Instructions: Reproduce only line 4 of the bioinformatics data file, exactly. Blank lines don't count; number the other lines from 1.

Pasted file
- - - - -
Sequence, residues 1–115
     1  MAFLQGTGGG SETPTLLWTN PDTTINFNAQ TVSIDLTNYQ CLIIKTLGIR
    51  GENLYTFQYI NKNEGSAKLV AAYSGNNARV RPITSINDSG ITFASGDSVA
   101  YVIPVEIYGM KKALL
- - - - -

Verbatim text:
   101  YVIPVEIYGM KKALL